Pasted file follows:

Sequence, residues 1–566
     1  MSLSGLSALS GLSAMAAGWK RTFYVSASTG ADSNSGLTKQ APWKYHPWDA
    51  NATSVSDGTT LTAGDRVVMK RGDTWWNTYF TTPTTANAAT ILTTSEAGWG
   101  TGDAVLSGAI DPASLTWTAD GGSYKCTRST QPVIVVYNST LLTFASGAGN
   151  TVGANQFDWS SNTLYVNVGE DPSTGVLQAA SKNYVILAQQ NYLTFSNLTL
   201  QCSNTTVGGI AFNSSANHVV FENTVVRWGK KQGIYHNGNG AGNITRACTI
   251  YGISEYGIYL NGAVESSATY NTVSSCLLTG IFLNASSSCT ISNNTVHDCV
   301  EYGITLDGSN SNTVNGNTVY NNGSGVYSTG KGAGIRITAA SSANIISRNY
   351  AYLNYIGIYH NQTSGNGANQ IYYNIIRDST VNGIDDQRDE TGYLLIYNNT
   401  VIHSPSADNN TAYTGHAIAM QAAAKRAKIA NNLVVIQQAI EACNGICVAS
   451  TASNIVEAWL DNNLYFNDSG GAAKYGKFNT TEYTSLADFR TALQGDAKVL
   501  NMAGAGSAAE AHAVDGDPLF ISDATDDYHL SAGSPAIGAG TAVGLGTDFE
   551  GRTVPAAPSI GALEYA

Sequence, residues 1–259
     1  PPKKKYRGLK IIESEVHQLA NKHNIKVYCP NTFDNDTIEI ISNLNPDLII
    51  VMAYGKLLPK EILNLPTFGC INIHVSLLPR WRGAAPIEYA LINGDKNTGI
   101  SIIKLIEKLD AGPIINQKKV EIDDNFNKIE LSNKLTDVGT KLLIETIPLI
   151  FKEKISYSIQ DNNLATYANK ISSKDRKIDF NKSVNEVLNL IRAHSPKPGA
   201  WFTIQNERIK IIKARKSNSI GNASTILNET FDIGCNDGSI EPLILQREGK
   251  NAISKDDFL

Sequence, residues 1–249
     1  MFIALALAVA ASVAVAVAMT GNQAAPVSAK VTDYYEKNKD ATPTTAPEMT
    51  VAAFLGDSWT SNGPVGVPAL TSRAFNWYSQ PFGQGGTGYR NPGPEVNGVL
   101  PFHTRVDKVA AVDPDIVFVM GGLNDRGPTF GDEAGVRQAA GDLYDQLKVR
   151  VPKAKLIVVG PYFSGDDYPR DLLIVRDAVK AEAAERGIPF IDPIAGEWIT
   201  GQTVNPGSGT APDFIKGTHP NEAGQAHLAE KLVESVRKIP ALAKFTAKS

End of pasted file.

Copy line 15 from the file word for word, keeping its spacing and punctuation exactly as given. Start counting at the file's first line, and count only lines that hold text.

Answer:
     1  PPKKKYRGLK IIESEVHQLA NKHNIKVYCP NTFDNDTIEI ISNLNPDLII